Now we see how Christian awareness is changing, that there is a catastrophic worldlification of it. The Christian ever more acutely find himself faced with the choice—what kind of savior does he need?
Some terrible virus has stormed into the world and crippled it! It brings to mind the Biblical tree of knowledge of good and evil and its fruit, which God forbade the first humans to eat so that they wouldn’t die. Many commentators consider the idea of the tree as nothing other than the erosion in the mind of man of the distinction between good and evil, beauty and ugliness, truth and lies.
Make a comment if you want, but to say that the Lord’s Prayer should be read “like this”, and you, Lord Jesus, didn’t express yourself “fortunately”, is something I consider to be an expression of utter irreverence towards Christ Himself.
The following is a translated transcript of a Spas (Savior) Orthodox TV channel special edition of their program, “Straight to the essence”. In these extremely disturbing times, people want to hear a familiar, trusted voice of experience and sound theology. Professor Osipov is that voice.
Many people send letters to Pravoslavie.ru addressed to Professor Alexei Iliych Osipov. After choosing those more frequently asked, these question were posed to Prof. Osipov—on doubts about the faith, about how to discern God’s will, how to give alms, why the Orthodox are patient in deprivations, and whether there is justice on this earth.
Whenever we talk about life, the question of happiness is always on our mind. This question is essential for our whole life and for the solution of all its problems. What kind of problems? Economic? Yes. Social? No doubt. Philosophical? Of course! Scientific? Definitely: why do we need progress in science and technology if there is no happiness?
On the other hand, a correct spiritual life is unthinkable without patristic guidance. Before this seemingly insurmountable impasse, we can see the full significance of the spiritual inheritance of those fathers, most of whom are closer to us in time, who “restated” this earlier patristic experience of spiritual life in a language more accessible to a modern man little acquainted with this life, who usually has neither a capable guide nor sufficient strength. The works of Saint Ignatius Brianchaninov are among the best of these “restatements,” which provide an impeccably reliable “key” to understanding the teachings of great laborers in the science of sciences—the ascetics.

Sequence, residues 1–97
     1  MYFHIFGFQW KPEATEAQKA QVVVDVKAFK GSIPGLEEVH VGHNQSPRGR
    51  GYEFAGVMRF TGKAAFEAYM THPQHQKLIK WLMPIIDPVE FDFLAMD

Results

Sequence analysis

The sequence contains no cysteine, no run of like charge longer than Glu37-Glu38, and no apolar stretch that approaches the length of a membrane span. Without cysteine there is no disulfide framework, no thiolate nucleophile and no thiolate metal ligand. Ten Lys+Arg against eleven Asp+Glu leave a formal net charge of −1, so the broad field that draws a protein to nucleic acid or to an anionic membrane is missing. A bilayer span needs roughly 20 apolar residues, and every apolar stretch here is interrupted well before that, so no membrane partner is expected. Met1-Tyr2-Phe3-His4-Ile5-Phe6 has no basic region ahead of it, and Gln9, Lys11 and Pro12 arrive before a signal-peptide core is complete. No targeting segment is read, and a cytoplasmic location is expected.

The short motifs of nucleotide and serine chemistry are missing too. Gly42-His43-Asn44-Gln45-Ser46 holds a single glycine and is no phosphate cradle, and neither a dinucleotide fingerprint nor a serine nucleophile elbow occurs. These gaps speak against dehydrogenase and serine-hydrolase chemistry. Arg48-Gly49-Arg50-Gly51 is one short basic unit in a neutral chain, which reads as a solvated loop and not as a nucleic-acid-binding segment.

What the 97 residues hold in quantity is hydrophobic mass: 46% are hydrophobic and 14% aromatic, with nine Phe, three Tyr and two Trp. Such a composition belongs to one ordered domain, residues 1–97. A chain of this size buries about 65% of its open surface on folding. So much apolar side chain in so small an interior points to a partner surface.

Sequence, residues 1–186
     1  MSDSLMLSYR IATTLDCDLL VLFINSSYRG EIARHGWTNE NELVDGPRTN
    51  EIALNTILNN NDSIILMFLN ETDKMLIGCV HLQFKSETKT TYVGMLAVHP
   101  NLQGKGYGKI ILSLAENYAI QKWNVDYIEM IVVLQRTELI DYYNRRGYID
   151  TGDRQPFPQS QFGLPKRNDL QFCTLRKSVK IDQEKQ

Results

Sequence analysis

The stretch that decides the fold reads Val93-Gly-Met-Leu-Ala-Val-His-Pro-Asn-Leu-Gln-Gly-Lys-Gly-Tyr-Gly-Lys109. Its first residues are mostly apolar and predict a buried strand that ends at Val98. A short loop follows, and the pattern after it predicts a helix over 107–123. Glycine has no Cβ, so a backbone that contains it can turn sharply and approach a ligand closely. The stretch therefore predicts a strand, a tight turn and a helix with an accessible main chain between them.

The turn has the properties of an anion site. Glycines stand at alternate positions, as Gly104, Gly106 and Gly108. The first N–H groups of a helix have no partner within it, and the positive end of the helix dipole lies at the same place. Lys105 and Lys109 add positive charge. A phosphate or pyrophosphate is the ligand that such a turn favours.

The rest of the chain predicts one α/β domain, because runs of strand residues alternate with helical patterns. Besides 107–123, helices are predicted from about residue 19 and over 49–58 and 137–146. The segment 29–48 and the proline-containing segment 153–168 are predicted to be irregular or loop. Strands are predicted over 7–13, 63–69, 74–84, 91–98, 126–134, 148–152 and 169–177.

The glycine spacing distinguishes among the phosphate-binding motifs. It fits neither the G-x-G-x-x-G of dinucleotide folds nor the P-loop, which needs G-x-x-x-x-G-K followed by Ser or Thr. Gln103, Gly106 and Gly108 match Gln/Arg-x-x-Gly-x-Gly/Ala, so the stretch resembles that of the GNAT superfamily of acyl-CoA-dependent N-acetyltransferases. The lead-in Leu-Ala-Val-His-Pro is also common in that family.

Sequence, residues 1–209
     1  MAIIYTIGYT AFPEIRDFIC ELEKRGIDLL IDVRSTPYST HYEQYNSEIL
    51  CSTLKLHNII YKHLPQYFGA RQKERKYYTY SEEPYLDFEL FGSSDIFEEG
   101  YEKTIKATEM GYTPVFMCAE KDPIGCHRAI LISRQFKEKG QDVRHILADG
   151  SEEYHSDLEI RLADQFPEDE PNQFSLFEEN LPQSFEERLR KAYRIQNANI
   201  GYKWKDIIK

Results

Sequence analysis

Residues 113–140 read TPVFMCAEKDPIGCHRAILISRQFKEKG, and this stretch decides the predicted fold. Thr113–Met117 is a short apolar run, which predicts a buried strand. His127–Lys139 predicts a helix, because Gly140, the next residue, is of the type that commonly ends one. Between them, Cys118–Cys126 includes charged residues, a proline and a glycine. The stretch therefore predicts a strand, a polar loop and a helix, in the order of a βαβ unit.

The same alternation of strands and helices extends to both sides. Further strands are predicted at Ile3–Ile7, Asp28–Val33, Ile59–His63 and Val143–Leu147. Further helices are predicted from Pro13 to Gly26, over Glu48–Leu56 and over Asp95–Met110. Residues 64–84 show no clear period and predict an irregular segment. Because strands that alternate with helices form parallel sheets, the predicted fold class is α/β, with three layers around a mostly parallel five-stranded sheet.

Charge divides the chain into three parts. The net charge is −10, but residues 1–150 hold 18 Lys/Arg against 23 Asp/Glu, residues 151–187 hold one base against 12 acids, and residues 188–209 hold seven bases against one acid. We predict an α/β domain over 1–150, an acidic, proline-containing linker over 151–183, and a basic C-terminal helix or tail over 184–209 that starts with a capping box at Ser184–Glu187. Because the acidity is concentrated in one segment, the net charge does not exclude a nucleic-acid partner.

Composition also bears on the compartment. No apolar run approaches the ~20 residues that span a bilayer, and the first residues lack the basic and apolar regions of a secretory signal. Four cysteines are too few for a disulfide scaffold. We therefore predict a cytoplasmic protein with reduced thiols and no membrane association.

Why is it that I turned to his works in particular? As is well known, the oral and written accounts of him by all the Optina Elders and many other pious Russian ascetics are not simply positive, but rather, I’d say, are filled with admiration.
Then one day in the summer of 1915, in the town of Vyshny Volochok, when he suddenly felt a particular sense of total despair, a thought struck him like lightning about his childhood faith: What if God really does exist—shouldn’t He reveal Himself? But he was not a believer! From the depth of his soul, in his desperate state, he cried, “Lord, if You exist, reveal Yourself to me.
The methodical development of imagination is based in the experience of one of the pillars of Catholic mysticism, the founder of the order of Jesuits and great Catholic saint Ignatius of Loyola (sixteenth century). His book Spiritual Exercises enjoys great authority in Catholicism. Ignatius himself said of his book that if one reads it, it could replace the Gospels. He tells the reader to imagine the crucified Christ, to attempt to penetrate the world of Christ’s feelings and sufferings, to mentally converse with the Crucified One, etc. All this contradicts in principle the basics of spiritual ascetic labor as it has been given to us in the lives of the saints of the Universal Church.
Free will is such an important quality that, when it is lost, the personality becomes completely degraded. But as long as self-awareness is preserved, no one can take authority over this freedom—not another man, nor society, nor laws, nor any regime, nor demons, nor angels, nor even God Himself. Saint Macarius of Egypt (fourth century) said: "You are created in the image and likeness of God; therefore just as God is free and creates what He wants … so are you free. Therefore, our nature is well capable of accepting both good and evil; both God’s grace, and the enemy’s powers. But it cannot be forced."
The concepts of an “unearthly heaven” and an “unspiritual earth” had different fates. The former, viewing the body as something contemptuous and any care for its needs as something approaching sinful, sank into the past. The second, for which material needs are not only the foremost, but in the final analysis, the only needs there are in the world, grew and developed rapidly during the modern era and is now marching triumphantly through the Christian world. The words of Christ—Seek ye first the kingdom of God, and his righteousness; and all these things shall be added unto you (Mt 6:33); These ought ye to have done, and not to leave the other undone (Mt 23:23)—are increasingly forgotten.
New from Sretensky Monastery, a classic of Christian apologetics by Professor Alexei I. Osipov: The Search for Truth on the Path of Reason, is now available in English. Alexei Ilych Osipov of the Moscow Theological Academy is possibly the most widely known professor of Theology in Russia today.